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Author: Myron Achtman

Multi-Camera Editing

  1. Before you capture footage, you'll need to start a new project in Avid and name it. A New Sequence dialog box will appear asking you to name your sequence. Do so. Assure that all the project settings match the tape format you'll be using (such as HD, PAL, NTSC, and so on). Click Okay when done. Click on the Sequences rack in the lower left corner, then double-click on the name of the sequence you've created.

  2. Create a new rack in the project window. A rack is essentially a folder that will store your clips. Name the new rack. Click on the logging tool just above the timeline. Make sure that the capture interface is configured for your capture device (such as a FireWire camera). You'll be prompted to enter a reel name. Make sure that the name you give corresponds to the tape you'll be importing from (such as camera 1) so that you don't get confused later on. Enter a unique reel name, then click the checkmark to accept it. You'll see that name appear at the top of the logging window. Assure that the codec matches your tape's codec and enter the name of the clip you'll be capturing.

  3. Notice the Multicam Capture dropdown box, which says Camera 1 by default. Click the dropdown menu and you'll see that you can have up to 16 different camera designations. This is the biggest gotcha with Avid multicam editing: be sure that this is set to camera 1 for every tape you capture from. If you select any of the others, you'll import video but no audio.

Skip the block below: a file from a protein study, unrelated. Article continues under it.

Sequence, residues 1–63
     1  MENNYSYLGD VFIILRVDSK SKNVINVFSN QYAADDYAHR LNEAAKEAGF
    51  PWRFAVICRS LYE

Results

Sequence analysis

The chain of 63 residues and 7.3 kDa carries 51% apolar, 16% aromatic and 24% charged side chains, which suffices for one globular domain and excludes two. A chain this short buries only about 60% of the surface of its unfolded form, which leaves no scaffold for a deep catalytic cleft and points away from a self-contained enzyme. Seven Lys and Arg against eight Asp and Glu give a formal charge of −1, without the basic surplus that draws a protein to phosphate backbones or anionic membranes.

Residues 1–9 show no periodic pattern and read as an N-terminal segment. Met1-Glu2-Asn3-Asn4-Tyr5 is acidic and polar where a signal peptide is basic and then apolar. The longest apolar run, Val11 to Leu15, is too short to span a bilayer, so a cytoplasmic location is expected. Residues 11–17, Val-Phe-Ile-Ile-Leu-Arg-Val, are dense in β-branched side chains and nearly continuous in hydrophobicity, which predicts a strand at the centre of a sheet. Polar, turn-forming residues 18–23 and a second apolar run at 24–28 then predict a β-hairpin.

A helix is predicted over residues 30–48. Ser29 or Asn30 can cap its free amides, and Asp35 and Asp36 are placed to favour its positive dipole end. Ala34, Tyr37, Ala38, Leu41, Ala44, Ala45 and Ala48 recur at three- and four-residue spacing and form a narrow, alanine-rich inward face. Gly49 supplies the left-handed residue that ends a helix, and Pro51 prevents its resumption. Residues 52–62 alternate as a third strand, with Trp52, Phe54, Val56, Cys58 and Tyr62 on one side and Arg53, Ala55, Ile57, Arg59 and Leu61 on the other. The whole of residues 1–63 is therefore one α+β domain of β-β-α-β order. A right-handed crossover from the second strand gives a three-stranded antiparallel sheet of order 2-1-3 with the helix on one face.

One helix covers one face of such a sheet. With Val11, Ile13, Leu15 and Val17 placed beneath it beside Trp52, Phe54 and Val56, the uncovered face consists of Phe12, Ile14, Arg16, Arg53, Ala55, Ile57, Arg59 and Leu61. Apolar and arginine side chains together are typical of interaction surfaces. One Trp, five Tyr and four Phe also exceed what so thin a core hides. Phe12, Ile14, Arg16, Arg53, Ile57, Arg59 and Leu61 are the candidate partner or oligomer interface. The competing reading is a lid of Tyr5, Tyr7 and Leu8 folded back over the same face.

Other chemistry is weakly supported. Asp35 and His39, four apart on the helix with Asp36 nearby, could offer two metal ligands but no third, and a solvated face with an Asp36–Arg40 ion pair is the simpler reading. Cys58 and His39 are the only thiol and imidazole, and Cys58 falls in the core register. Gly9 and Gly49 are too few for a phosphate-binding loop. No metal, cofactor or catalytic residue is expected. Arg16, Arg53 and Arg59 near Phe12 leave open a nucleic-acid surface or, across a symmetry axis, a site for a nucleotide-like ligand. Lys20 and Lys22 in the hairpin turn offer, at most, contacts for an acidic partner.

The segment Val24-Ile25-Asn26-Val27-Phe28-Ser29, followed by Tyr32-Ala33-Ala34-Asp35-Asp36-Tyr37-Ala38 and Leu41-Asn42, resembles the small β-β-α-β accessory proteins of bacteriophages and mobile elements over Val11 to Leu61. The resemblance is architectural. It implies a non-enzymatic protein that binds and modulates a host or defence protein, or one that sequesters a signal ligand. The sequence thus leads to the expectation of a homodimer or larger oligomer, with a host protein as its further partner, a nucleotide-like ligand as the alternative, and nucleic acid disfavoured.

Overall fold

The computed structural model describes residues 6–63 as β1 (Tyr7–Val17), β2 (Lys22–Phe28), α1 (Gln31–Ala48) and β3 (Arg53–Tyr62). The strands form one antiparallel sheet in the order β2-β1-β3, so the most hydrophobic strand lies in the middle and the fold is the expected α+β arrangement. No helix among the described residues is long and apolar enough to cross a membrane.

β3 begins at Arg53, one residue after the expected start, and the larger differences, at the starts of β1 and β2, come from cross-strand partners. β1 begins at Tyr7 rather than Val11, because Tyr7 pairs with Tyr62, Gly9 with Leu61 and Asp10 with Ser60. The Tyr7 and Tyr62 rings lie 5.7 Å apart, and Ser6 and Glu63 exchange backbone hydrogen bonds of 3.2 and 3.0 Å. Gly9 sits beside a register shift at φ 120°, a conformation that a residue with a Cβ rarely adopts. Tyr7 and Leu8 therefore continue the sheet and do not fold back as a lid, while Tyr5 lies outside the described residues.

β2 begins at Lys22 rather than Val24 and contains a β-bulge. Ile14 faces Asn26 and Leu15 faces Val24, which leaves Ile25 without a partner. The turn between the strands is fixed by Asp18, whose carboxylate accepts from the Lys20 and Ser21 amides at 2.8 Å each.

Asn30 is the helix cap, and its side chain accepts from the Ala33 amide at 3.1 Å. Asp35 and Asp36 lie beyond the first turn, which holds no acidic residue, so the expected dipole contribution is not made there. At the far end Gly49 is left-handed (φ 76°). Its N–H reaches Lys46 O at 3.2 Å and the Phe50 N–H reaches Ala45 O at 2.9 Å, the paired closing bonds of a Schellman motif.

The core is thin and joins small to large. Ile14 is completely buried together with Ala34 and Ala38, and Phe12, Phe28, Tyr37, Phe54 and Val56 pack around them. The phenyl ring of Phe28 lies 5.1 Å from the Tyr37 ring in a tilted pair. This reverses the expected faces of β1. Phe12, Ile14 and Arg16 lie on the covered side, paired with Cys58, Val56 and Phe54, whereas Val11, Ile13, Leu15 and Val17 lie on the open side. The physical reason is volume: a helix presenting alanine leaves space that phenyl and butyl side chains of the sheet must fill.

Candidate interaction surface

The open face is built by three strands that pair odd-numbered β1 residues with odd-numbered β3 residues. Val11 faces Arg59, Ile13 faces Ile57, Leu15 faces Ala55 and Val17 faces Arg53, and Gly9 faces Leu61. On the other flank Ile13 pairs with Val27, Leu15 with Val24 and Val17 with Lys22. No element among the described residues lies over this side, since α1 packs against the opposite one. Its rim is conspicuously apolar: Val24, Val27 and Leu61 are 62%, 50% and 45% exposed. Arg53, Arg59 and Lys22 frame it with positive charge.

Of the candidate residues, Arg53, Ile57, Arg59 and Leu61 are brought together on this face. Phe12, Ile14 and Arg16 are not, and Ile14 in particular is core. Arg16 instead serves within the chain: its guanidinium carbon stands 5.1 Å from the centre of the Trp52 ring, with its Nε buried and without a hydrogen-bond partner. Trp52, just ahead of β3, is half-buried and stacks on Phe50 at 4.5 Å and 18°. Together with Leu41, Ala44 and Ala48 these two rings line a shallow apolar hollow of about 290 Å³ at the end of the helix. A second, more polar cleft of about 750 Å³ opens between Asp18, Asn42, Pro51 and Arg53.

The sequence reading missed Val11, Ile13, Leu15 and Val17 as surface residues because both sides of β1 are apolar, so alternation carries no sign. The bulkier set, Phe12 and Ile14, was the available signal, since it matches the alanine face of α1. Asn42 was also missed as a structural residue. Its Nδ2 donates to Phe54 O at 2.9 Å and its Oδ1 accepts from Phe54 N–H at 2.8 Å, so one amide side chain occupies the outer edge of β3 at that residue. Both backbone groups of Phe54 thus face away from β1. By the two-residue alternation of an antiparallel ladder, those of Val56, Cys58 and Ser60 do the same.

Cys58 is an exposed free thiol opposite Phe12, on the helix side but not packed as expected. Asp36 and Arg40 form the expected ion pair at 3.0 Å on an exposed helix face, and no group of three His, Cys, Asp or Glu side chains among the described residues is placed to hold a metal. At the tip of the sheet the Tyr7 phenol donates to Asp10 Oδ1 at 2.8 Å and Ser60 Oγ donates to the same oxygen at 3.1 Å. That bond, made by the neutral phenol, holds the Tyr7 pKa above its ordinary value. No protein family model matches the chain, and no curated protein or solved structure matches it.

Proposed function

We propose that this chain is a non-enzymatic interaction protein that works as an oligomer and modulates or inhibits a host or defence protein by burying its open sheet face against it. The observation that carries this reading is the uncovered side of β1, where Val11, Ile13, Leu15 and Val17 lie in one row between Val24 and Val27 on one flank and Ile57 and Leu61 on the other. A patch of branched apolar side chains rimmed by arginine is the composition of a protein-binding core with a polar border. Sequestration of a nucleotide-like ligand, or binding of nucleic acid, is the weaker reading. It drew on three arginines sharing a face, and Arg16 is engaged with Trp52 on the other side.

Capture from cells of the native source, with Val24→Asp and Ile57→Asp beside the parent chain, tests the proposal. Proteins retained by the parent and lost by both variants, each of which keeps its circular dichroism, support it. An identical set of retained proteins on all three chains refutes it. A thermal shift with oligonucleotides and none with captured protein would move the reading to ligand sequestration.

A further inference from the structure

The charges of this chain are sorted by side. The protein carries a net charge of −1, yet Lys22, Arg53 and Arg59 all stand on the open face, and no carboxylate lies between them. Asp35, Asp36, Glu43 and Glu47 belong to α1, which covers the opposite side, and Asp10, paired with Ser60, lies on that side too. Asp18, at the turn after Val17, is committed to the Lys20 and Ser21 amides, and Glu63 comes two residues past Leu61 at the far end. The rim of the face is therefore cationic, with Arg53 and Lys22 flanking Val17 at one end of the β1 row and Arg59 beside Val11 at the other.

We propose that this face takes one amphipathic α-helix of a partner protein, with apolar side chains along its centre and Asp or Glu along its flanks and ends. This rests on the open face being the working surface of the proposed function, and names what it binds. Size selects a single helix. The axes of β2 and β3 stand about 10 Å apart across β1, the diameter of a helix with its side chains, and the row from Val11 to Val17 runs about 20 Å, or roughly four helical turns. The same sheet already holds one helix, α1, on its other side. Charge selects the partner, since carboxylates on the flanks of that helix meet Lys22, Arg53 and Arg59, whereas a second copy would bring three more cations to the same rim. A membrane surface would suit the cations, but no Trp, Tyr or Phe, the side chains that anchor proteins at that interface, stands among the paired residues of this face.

4. When you're ready to capture, click the Play button below the capture window, then click the capture button. Once you're done, push the Stop button, also below the capture window. After you switch tapes, enter a new clip name that corresponds to that tape and again make sure camera 1 is selected. Do this for all other tapes. Your clips will appear in the previously named rack at the bottom of the screen. When finished, exit the capture window and return to the Liquid interface.

  5. You'll need to synchronize your clips before you can edit. Find a common synch point that shows on all the imported videos. A camera flash is a popular choice, because it produces a single light frame which is easy to find. Select your first clip and find your sync point. Right-click to the left of the preview window, then choose Edit/Set Marker. You'll see a gray triangle at the top of the window. This shows your marked frame. Repeat this step for the remaining clips, marking the same point.

  6. Avid will, by default, use the audio from the top clip in the rack, so you'll need to reorder your clips if you want to use audio from a clip that's lower in the rack. You'll need to rename the clips to reorder them; you can't just drag one to the top.

  7. To sync your clips, right-click on the rack and select Multicam Sync. Choose to sync all the clips in the rack. You'll see a dropdown menu asking how to synchronize the clips. The default option is by timecode. Change this to sync by the first marker. Then, click the large button that says to sync the selected clips for multicam editing. Avid creates a new clip, named after the first clip in the rack, with a .sync suffix. Double-click on this to bring it in to the source viewer and see all the clips in the window. You're now ready for multicam editing.

For more on multicam work with Avid, check out Achtman's video tutorial.

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Added: 2009-01-21
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